Op-Eds by Jim
Political Correctness Infects the Pentagon
July 10, 1994
by James Webb, The New York Times
In looking for someone to head the United States complex and dangerous military operations in the Pacific (including the Korean Peninsula) one could hardly have found an officer more qualified than Adm. Stanley R. Arthur – who until recently was indeed the nominee for the job. And in seeking an example of how far Pentagon leadership has fallen, and how the issue of sexual harassment has descended into ugly McCarthyism, one could hardly find a more telling case than Admiral Arthur’s sudden dispatch to early retirement.
Admiral Arthur is a hero of two wars – a pilot who earned an extraordinary 11 Distinguished Flying Crosses while flying more than 500 combat missions in Vietnam, then commanding the allied naval armada in the Persian Gulf. His Pentagon experience since is exemplary, too, including high level budget planning, nearly three years as chief of the Navy’s worldwide logistics system and two years as Vice Chief of Naval Operations.
After Admiral Arthur was nominated for the Pacific command, Senator David Durenberger of Minnesota indicated that he would term questions about the treatment of a constituent, a female officer who claimed the Navy treated her unfairly when she failed flight training after accusing an instructor of sexual harassment. Admiral Arthur’s only role in the case was that of final reviewing officer. He approved earlier findings that although the woman, Lieut. (j.g.) Rebecca Hansen, had been harassed (the Navy had already disciplined an instructor), she failed to quality as a pilot because of a poor flight record, both before and after the incident.
The inspectors general of the Navy and the Defense Department agreed with this finding. Navy Secretary John H. Dalton approved a recommendation that the Navy prepare to discharge her. Key senators told the Pentagon that Admiral Arthur would be approved for his new command but that because of Mr. Durenberger’s “hold” his confirmation might be delayed until fall.
Then on June 24, the Navy said in a terse statement that Admiral Arthur “agrees with Chief of Naval Operations Adm. Mike Boorda” that his nomination should be withdrawn because an “anticipated delay in Senate confirmation” would not permit “a prompt relief” for Adm. Charles R. Larson, the current commander in the Pacific, who is scheduled to become Superintendent of the Naval Academy. Admiral Arthur is to be retired as soon as his job is filled.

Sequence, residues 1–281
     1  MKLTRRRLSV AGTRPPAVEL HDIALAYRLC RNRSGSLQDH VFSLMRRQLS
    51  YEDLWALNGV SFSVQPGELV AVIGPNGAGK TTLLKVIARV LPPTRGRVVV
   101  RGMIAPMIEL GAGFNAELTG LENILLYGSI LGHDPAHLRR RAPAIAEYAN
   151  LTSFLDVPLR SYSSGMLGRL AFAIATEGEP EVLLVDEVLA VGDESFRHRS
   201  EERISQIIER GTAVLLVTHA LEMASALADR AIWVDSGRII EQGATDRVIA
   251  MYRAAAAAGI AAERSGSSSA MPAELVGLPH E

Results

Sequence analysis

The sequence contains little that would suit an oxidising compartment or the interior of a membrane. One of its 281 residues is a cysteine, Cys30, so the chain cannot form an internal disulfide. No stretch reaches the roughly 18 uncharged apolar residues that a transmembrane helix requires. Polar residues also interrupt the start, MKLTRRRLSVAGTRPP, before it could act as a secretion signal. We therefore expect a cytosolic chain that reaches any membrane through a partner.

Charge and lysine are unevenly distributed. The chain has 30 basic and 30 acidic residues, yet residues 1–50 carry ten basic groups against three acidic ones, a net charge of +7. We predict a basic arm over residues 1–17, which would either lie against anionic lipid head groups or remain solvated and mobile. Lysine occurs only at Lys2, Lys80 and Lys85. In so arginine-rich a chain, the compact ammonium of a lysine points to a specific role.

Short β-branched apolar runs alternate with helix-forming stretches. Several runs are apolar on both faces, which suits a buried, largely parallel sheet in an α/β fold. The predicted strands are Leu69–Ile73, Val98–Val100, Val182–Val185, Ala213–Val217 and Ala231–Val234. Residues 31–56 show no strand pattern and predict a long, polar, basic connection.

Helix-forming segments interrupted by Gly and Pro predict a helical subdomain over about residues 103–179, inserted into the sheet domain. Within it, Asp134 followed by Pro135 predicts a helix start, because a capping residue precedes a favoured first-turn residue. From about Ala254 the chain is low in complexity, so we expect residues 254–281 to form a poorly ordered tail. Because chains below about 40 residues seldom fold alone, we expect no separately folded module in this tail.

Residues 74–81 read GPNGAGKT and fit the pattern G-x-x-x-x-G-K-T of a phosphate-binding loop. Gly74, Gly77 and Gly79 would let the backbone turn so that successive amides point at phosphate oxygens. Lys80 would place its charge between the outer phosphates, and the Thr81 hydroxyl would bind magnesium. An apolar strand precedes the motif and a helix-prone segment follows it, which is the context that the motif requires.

The Navy’s explanation was disingenuous at best. Admiral Larson’s new assignment is not time-sensitive; in fact, it also awaits Senate action. It has been widely reported that Admiral Boorda is less concerned about a delay in Admiral Arthur’s confirmation than about becoming ensnared in another sexual harassment scandal. Even Senator Durenberger’s key staff assistant said he was “flabbergasted” by the decision to end Admiral Arthur’s 37year career in such a manner.
More important, this episode raises serious questions about Admiral Boorda’s fitness to be Chief of Naval Operations and demonstrates the Clinton Administration’s lack of regard for military leaders.
Admiral Boorda has gained a reputation for political expediency. In 1992, when he was Chief of Personnel, he summarily relieved one of the Navy’s brightest young admirals, Jack Snyder, after the initial revelations about the Tailhook scandal. Admiral Snyder, who had gone well beyond what was required in his efforts to assist the key female witness and urge an investigation, was not even allowed to defend his actions. This abandonment of a deserving officer in the face of political attack did not hurt Admiral Boorda’s chances for advancement – which may well have encouraged his shoddy treatment of Admiral Arthur.
After quashing Admiral Arthur’s career, Admiral Boorda disregarded Secretary Dalton’s recommendation to discharge Lieutenant Hansen and went to Great Lakes, Ill., to meet with her. She presented him with 10 demands, including that the Navy rewrite her fitness reports using words of her choosing, that they send her to law school at the Navy’s expense and then assign her to work as a lawyer handling women’s issues, and that the Secretary officially apologize to her. According to The New York Times, Admiral Boorda responded by offering her a job on his personal staff. (She did not accept it.)
Under any standard of leadership, Admiral Boorda’s conduct is seriously deficient on several grounds: disloyalty to deserving subordinates, faulty judgment and usurping the authority of the Secretary of the Navy.
Which leads us to the Clinton Administration’s handling of this event. Once his nomination went forward, Admiral Arthur was the President’s candidate, and it was not within Admiral Boorda’s jurisdiction to withdraw. In fact, since the Pacific command is “purple” – that is, commanding military units from all the services – Admiral Arthur was technically never Admiral Boorda’s candidate from the beginning. And yet after the withdrawal we heard no word from either the Secretary of the Navy or the President, and Defense Secretary William J. Perry merely said he had decided not to intervene.
On July 1 the Administration announced that Vice Adm. Richard Macke, a capable but far less experienced officer who had been slated to replace Admiral Arthur as Vice Chief of Naval operations, would be nominated instead to the Pacific command. Thus a three-star officer is to be placed in the Navy’s most senior and prestigious four-star bilk partly because his paperwork was already in the White House.
The casual way in which the Administration has dealt with command replacement for a theater where war could be imminent indicates either naiveté or arrogance when it comes to the importance of strong military leadership. And it is a grim omen for the future of the U.S. military when competent warriors are sent home by political admirals.